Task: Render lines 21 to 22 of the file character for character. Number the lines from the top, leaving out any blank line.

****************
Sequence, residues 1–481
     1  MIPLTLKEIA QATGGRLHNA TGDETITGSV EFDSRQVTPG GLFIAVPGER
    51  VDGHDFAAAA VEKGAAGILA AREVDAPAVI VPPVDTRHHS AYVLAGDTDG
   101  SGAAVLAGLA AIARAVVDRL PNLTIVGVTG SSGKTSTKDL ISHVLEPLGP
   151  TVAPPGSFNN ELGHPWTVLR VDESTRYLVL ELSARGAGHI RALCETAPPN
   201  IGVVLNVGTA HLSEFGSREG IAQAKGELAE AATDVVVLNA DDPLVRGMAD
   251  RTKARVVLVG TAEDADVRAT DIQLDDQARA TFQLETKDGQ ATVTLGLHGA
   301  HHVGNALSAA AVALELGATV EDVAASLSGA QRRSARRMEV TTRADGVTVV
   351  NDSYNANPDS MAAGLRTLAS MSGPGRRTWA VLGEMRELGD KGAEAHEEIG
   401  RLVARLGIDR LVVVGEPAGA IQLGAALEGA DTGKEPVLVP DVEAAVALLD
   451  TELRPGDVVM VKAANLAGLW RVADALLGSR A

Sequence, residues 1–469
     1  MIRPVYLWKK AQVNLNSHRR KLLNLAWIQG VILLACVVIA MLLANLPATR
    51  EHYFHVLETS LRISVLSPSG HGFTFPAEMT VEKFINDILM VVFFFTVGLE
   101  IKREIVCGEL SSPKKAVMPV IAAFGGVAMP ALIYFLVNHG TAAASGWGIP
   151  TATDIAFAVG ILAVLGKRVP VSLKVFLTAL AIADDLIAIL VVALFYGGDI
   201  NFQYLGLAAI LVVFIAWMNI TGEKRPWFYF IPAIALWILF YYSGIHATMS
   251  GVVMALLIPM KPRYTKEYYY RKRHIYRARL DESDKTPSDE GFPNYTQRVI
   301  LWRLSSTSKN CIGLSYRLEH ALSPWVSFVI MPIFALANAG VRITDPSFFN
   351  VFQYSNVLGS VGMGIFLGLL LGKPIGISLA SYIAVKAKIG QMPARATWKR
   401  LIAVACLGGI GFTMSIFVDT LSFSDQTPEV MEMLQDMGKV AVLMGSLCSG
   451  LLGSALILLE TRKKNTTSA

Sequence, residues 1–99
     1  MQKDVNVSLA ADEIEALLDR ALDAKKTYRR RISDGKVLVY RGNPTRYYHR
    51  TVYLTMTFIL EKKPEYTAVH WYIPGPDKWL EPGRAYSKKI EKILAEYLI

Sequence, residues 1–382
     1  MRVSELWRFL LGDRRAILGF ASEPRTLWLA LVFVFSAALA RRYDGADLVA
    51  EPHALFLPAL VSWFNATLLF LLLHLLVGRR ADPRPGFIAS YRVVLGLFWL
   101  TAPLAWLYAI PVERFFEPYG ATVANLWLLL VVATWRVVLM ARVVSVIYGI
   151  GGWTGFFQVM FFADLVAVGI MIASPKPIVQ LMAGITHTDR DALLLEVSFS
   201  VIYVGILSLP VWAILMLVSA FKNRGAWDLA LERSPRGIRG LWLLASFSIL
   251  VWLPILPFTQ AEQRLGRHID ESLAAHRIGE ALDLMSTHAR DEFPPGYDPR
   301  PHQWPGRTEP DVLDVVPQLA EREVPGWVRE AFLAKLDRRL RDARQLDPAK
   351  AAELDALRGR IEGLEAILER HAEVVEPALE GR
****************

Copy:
   401  LIAVACLGGI GFTMSIFVDT LSFSDQTPEV MEMLQDMGKV AVLMGSLCSG
   451  LLGSALILLE TRKKNTTSA